I arrived in Japan over three months ago, and it has been a slow process of settling in to a place where is both home and on the other hand completely foreign. However, the one constant since I have arrived has been the ability to still feel as if I have never left America via the magic of the internet and all the devices and means by which we now are able to instantly communicate here in the third decade of the 21st Century, without which you would not be able to read these words. Suffice it to say, gridiron wise, my life has not changed much since I left America; however, for America, things are changing; but for now let's focus on the one place we can all unite, the virtual stadium we sit in during every sporting event.
And so it was this week, the third version of the XFL took flight, with, as I watched, has been an unasked gift that has been presented to us for each of the three decades this Century by the world of professional wrestling. Needless to say, this version, despite all its denials, has deep professional wrestling roots, and as a result it has echos of that first version of the league whom failed so spectacularly in front of our eyes in those innocent days before 9/11, Twitter, smart phones and streaming. Yes, this is not your father's XFL, or even the one you fell in love with during those pre-pandemic weeks before the world felt another seismic change.
As I write this here in my home office, which is less than ten miles from the Seto Inland Sea, I am living in the future I dreamed about listening to a podcast, and hammering out these words on a military grade Panasonic Toughbook, less than an hour after watching St. Louis beat Seattle in the first game of week two. Hopefully America at home is hungry for some more Thursday Night Football (TNF); however, if the measly 10,386 paid attendees is any sign, clearly they are not, at least not on this night (or rather day as I am a day ahead here in Japan). As much as I want to believe, to paraphrase Fox Mulder, at least during this first full week the signs, even ratings wise, do not appear to be good, at least in the five day short term.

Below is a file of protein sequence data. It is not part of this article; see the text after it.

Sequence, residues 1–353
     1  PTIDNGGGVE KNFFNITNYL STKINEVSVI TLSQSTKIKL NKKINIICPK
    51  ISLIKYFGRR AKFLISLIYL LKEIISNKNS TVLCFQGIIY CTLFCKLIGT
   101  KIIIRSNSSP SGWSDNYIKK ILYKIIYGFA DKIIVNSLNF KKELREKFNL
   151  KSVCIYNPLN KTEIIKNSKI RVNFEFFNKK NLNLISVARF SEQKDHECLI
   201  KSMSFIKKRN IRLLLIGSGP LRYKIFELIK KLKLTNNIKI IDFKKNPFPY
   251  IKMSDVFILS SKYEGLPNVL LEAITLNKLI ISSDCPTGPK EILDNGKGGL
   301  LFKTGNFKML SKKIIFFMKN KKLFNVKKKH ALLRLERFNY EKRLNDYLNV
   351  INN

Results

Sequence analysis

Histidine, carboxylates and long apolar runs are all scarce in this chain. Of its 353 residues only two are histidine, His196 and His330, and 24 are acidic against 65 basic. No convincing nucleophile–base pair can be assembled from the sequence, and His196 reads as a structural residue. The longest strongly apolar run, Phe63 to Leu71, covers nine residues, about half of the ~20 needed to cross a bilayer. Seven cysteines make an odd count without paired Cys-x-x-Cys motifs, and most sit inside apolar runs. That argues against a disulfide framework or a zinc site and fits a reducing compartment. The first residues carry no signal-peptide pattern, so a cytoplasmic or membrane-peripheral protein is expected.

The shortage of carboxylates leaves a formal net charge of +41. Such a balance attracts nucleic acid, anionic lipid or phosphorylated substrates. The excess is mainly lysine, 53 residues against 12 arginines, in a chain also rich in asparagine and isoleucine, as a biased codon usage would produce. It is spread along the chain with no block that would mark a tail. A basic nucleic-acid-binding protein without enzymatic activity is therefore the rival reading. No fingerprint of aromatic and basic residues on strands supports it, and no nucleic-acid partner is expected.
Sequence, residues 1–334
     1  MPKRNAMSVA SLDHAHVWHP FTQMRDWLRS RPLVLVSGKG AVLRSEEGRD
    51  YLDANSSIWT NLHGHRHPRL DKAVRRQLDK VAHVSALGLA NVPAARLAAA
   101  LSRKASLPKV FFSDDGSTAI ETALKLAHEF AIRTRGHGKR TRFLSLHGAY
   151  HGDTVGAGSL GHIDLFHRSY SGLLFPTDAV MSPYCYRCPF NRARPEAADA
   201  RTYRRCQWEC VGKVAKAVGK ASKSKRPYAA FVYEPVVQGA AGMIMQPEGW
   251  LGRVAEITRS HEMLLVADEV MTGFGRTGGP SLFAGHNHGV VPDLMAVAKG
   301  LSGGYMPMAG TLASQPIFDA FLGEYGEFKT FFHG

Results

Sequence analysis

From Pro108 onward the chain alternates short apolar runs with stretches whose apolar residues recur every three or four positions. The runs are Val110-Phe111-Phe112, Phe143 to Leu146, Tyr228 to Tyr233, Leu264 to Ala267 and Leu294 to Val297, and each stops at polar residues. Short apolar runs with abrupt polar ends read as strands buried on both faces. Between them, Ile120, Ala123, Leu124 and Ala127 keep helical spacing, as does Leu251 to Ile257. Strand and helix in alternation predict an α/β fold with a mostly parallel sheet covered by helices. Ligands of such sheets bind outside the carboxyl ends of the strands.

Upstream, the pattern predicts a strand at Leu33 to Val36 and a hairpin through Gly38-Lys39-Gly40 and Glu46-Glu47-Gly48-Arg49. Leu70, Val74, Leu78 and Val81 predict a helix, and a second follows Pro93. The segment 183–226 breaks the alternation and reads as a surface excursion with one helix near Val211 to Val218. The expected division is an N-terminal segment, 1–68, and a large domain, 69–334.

Did I and others my age who did not pledge allegiance to The Rock see this happening? You betcha! Why? Well, we have all been here since 1974 when the WFL took flight and burned a fiery death, and have seen so many leagues rise and fall that we often have to use our toes to count the death toll. The only thing any of these failed leagues have learned is that it is suicide to try to start a professional league in America in autumn, and come up with some great new innovations that have subsequently been adopted by the National Football League. So in a way these failed league have all been a successful failure, which us fans watching the game on television have benefited from. However, despite all the watch-ability of this current league, one can't help but wonder, where are the fans?
By fans I don't mean Twitter followers either. Likes and subscribers don't matter. Television/streaming ratings and attendance most definitely do! And from the what we know, the opening weekend was an underwhelming “work in progress.” I would definitely not call week one a failure by any means, as all rival leagues struggle at the gate their first year. As to the ratings, well, that also can be seen as a work in progress, for it did attract eyeballs. However, it is not how you start, but rather how you finish, which is why I call my podcast “XFL Infowars” for the information spin on this week has been, entertaining to say the least.